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|Dialogic literacy |
In recent years, the school changed its vision of a teacher and how he teaches. In Kazakhstan, the State pays great attention to school education. Many teachers take first, second and third level courses for the purpose of training and improving the quality and effectiveness of their lessons. However, not all teachers are ready for such changes. Today, ‘dialogic literacy’ is believed as combination of pedagogy and technology. The world is changing; today's students are very different from those that were 10 years ago. Accordingly, we, teachers, must go with the times, and meet all the requirements of the 21st century. Students of the 21st century are high-intellectual, critical thinking, creative, reflectors on themselves and their own, which means the ability to self-education, self-improvement and self-evaluation.
Development for me as a teacher, is an integral part of improving teaching practice. In this regard, new methods and technologies help me to be more creative and effective teacher. Recently, I have studied on third (basic) level courses created by Cambridge University. I was introduced with 7 modules of this program, and dialogical learning refers to one of them. This module assumes that the dialogue between students, between the student and the teacher helps students to independently create and develop their own thinking and understanding. According to Mercer (1995) and Alexander (2008), teaching and learning through dialogue serve as important contemporary interpretations of socio-constructive ideas.
“Dialogic literacy” as it is stated in Abbey’s article, is the capacity of a person to interact productively generating deep insights and understanding of a topic and in some cases even to engage in dialogue which results in problem solving (2005). In the past, teaching was focused on developing numeric and literacy skills of students. However, 21st century demands other skills as critical thinking, problem solving, decision making and communicative ones.
Mercer and Littleton (2007) have shown that classroom dialogue can contribute to children’s intellectual development and their educational attainment. Research suggests that both Faculty of Education interaction with adults and collaboration with peers can provide opportunities for children’s learning and for their cognitive development. In addition, as stated by Vygotsky, social interaction is in the core of children’s cognitive development. Students learn and benefit more through interaction with peers. As for my teaching practice, I tend to organize pair or small group work consisting of less and more able students. In other words, according to Vygotsky’s model of learning, “students are more likely to learn where there are opportunities for dialogue with more knowledgeable others. Such others might be peers or teachers”.
In the article Abbey claims, that pedagogy and technology are correlated since they both are key factors of successful academic process in today schools. However, there are some challenges in connecting pedagogy with technology.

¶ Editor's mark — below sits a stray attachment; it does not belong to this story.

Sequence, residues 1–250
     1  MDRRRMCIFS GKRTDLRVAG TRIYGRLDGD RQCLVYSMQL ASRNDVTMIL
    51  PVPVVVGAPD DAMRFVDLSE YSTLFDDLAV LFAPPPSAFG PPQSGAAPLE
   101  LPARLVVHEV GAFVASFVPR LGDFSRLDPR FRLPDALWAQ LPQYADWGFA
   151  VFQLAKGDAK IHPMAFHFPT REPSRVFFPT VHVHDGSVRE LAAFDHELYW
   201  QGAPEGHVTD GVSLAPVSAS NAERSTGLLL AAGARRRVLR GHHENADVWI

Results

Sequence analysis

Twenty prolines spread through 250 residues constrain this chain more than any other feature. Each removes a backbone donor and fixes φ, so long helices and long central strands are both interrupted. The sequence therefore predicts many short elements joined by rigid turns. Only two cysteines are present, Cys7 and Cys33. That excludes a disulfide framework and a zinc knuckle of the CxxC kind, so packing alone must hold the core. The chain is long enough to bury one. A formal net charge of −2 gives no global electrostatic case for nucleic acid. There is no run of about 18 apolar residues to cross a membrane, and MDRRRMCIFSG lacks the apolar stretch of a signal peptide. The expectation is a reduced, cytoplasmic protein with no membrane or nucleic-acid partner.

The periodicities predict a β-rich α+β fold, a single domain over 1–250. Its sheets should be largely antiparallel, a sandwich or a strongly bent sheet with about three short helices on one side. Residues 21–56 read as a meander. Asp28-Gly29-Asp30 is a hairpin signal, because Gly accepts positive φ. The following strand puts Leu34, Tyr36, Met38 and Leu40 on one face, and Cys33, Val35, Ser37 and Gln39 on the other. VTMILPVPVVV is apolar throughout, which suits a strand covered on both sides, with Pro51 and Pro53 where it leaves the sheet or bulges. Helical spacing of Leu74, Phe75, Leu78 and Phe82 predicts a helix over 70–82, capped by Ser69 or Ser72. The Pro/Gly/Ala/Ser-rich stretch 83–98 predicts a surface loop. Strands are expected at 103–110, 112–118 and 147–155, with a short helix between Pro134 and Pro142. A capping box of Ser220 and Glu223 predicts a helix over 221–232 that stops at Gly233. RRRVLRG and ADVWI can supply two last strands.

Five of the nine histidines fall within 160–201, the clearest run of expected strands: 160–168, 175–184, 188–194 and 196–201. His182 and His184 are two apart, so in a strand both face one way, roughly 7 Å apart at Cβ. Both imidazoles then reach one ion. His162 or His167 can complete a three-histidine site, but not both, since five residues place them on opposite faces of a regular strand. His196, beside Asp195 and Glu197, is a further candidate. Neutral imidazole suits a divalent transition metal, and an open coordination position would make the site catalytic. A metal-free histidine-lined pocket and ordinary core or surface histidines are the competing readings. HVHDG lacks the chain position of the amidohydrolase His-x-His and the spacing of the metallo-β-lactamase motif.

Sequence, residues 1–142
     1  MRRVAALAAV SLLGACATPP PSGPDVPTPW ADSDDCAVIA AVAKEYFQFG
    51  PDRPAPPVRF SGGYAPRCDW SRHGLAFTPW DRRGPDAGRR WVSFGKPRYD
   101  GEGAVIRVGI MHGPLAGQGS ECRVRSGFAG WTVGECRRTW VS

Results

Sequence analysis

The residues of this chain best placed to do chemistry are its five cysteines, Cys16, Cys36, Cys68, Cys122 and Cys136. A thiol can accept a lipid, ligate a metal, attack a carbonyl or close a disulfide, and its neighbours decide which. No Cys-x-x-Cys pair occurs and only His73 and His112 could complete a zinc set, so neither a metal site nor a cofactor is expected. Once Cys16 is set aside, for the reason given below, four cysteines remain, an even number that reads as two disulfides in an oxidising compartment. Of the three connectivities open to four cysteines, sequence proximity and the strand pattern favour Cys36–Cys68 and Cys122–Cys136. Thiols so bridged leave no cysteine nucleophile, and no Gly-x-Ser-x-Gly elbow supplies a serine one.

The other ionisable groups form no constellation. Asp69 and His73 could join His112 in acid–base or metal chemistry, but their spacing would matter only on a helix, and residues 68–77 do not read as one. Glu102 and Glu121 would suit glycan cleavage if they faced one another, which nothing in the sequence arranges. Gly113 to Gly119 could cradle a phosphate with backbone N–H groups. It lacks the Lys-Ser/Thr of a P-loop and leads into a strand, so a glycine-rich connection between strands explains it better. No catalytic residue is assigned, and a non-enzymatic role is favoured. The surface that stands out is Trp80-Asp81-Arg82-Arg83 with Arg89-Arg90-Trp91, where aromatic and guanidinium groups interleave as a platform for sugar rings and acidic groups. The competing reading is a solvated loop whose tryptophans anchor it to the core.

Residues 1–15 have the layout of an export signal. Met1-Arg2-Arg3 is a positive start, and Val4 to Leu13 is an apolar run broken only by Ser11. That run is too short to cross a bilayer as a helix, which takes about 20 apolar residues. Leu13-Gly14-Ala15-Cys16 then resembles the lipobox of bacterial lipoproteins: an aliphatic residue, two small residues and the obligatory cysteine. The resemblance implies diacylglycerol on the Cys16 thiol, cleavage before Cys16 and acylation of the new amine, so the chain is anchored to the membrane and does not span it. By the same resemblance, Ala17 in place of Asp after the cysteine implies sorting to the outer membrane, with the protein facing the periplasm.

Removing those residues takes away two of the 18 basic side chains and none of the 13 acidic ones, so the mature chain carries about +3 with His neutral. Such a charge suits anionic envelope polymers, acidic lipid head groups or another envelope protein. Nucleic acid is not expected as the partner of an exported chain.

Firstly, rapidly developing technologies are to connect with new pedagogy, i.e. new approaches in teaching and dialogic learning. However, in order to achieve high academic performance, there must be connection of new technology and new pedagogy (Abbey, 2005).
Secondly, knowledge gap among students might be a hindrance as while less and more able learners are involved in discussion, there are less opportunities to learn from each other’s answers as feedback for further learning.
However, such combination of new technology and teaching methods enables students to use ICT in learning. Teachers can use various activities on a lesson and teachers may differentiate learning based on students’ skills. Moreover, there is a chance for face-to-face and computer-mediated communication (Abbey, 2005).
As was mentioned above, today Kazakhstan is experiencing revolutions in educational system. Teachers are trained to use new teaching tools by developing seven modules of Cambridge level courses, education is student-oriented now, and students are expected to be independent and think critically. Thus, dialogic learning is one of the instruments in developing students’ critical thinking and communicative skills.
To conclude, dialogic literacy is a key factor in developing new demanded skills. Teachers should use dialogue on lessons since Barns (1971) established that students learn more not while passively listening to a teacher, but when verbalizing, discussing, talking and arguing. Teachers should ask students “thick questions” such as “how” and “why” instead of asking “thin questions” as “what” and “who”. Moreover, according to the Learning Pyramid, students learn and remember about 50% of new information while discussing and 90% while transferring their knowledge.
Abbey, N. (2005). Developing 21st century teaching and learning: Dialogic Literacy. Retrieved from Johns Hopkins School of Education http://education.jhu.edu/PD/newhorizons/strategies/topics/litercacy/articles/developing-21st- century-teaching/
The program of training courses of teachers of the Republic of Kazakhstan "Guide for teachers. The third (basic) level" (2012), Astana, AEO" Nazarbayev Intellectual Schools ", third edition.
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